All Journal Articles

Quantifying unmet need for hypertension care in South Africa through a care cascade: evidence from the SANHANES, 2011-2012

Hypertension has become a major cause of morbidity and premature mortality in South Africa, but population-wide estimates of prevalence and access to care are scarce. Using data from the South African National Health and Nutrition Examination Survey (2011–2012), this analysis evaluates the national prevalence of hypertension and uses a care cascade to examine unmet need for 

The cost-effectiveness of multi-purpose HIV and pregnancy prevention technologies in South Africa

A number of antiretroviral HIV prevention products are efficacious in preventing HIV infection. However, the sexual and reproductive health needs of many women extend beyond HIV prevention, and research is ongoing to develop multi- purpose prevention technologies (MPTs) that offer dual HIV and pregnancy protection. We do not yet know if these products will be an efficient use of constrained health resources. In this paper, we estimate the cost-effectiveness of combinations of candidate 

The African Medicines Regulatory Harmonization Initiative: Progress to Date

The African Medicines Regulatory Harmonization Initiative (AMRH) has contributed to reduce marketing authorization timelines in East African Community and the Southern African Development Community member states. Challenges still exist in using the outcome of the regional joint dossier review processes for national decision making processes by the national medicines regulatory 

The WelTel Trial in context and the importance of null findings

The past decade has seen major advances in HIV care. Effective treatment exists, and drugs are becoming cheaper, more effective, and easier to tolerate. Thus, although most important clinical treatment questions have been answered, questions remain about how to get people into care earlier and remain on life-long 

Treatment outcomes of over 1000 patients on second-line, protease inhibitor-based antiretroviral therapy from four public-sector HIV treatment facilities across Johannesburg, South Africa

HIV‐infected patients initiated on standard second‐line ART in South Africa can experience overall low rates of attrition and moderately high rates of virologic suppression shortly after second‐line initiation; however, individuals with poorer immune status at the time of initiation of second‐line treatment are at greater risk for attrition, were less likely to suppress and may need additional adherence support to improve treatment 

Lessons learnt from the introduction of the contraceptive implant in South Africa

In 2014, South Africa (SA) introduced the subdermal contraceptive implant with the aim of expanding the contraceptive method mix and availability of long-acting reversible methods in the public sector. Three years on, concerns have been raised about the decline in uptake, early implant removals and challenges in service delivery. This article explores the lessons learnt from the introduction of contraceptive technologies elsewhere and applies these to the SA context. Drawing on the World Health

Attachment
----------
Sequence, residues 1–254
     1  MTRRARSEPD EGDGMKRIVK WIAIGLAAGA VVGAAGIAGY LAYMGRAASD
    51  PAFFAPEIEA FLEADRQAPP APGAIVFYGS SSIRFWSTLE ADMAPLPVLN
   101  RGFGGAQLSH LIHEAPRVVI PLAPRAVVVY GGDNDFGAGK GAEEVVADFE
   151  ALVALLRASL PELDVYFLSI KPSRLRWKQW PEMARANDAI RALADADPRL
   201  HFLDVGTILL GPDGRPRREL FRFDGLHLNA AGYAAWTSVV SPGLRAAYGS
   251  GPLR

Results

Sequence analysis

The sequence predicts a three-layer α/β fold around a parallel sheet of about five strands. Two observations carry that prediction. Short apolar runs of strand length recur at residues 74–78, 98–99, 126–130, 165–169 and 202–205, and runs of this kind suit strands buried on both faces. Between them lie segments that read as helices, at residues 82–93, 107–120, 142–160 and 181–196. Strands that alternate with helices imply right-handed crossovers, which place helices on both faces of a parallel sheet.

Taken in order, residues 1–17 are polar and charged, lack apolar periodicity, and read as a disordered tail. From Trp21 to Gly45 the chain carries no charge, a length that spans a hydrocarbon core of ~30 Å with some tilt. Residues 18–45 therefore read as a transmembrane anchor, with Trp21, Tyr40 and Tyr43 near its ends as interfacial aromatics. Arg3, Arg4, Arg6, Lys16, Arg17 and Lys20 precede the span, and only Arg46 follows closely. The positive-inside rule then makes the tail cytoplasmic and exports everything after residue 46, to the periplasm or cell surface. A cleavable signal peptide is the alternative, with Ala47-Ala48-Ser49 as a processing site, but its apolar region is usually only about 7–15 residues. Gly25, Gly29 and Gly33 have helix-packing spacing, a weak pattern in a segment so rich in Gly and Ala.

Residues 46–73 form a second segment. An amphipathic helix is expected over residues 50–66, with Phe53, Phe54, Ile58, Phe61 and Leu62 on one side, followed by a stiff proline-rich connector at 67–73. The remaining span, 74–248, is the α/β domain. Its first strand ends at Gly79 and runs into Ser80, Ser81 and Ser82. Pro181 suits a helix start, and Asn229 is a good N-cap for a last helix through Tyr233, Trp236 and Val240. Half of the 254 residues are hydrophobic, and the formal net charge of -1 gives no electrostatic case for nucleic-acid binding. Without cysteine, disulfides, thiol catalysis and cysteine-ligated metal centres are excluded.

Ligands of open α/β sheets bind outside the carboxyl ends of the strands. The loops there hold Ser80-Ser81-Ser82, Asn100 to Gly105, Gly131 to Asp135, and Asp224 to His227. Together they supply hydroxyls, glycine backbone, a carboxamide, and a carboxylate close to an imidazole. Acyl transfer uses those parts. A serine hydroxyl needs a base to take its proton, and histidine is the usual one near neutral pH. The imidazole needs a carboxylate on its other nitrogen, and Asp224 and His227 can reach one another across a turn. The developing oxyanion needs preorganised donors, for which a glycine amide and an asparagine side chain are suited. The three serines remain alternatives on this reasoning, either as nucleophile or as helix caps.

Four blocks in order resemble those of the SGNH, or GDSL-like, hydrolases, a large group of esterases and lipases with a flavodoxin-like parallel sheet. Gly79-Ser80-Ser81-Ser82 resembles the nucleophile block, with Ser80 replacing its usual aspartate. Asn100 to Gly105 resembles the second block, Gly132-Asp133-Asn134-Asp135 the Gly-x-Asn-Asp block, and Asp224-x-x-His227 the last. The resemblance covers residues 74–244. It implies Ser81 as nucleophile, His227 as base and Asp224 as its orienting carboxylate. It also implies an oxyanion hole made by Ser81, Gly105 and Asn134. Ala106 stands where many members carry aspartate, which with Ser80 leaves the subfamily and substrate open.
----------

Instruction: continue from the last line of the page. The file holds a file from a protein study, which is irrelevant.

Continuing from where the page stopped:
Failure to initiate HIV treatment in patients with high CD4 counts: evidence from demographic surveillance in rural South Africa

Objectives: To assess the relationship between CD4 count at presentation and ART uptake and assess predictors of timely treatment initiation in rural KwaZulu-Natal, South Africa. Methods We used Kaplan-Meier and Cox proportional hazards models to assess the association between first CD4 count and time from first CD4 to ART initiation among all adults presenting to the Hlabisa HIV Treatment and Care Programme between August 2011 and December 2012 with treatment-eligible CD4 counts (≤ 350 

Assessing the impact of the National Department of Health’s National Adherence Guidelines for Chronic Diseases in South Africa using routinely collected data: a cluster-randomised evaluation

Background: Long-term antiretroviral therapy (ART) adherence is critical for achieving optimal HIV treatment outcomes. Fixed-dose combination (FDC) single-pill regimens, introduced in South Africa in April 2013, has simplified pill taking. We evaluated treatment outcomes among patients initiated on a FDC compared to a similar multi-pill ART regimen in Johannesburg, South Africa. Methods: We conducted a retrospective cohort study of ART-naïve HIV-positive non-pregnantadult (≥18 years) 

The right combination – treatment outcomes among HIV-positive patients initiating first-line fixed-dose antiretroviral therapy in a public sector HIV clinic in Johannesburg, South Africa

Background: Long-term antiretroviral therapy (ART) adherence is critical for achieving optimal HIV treatment outcomes. Fixed-dose combination (FDC) single-pill regimens, introduced in South Africa in April 2013, has simplified pill taking. We evaluated treatment outcomes among patients initiated on a FDC compared to a similar multi-pill ART regimen in Johannesburg, South Africa. Methods: We conducted a retrospective cohort study of ART-naïve HIV-positive non-pregnant adult (≥18 years) 

Treatment eligibility and retention in clinical HIV care: A regression discontinuity study in South Africa

Background Loss to follow-up is high among HIV patients not yet receiving antiretroviral therapy (ART). Clinical trials have demonstrated the clinical efficacy of early ART; however, these trials may miss an important real-world consequence of providing ART at diagnosis: its impact on retention in care. Methods and findings We examined the effect of immediate (versus deferred) ART on retention in care using a regression discontinuity design. The analysis included all patients (N =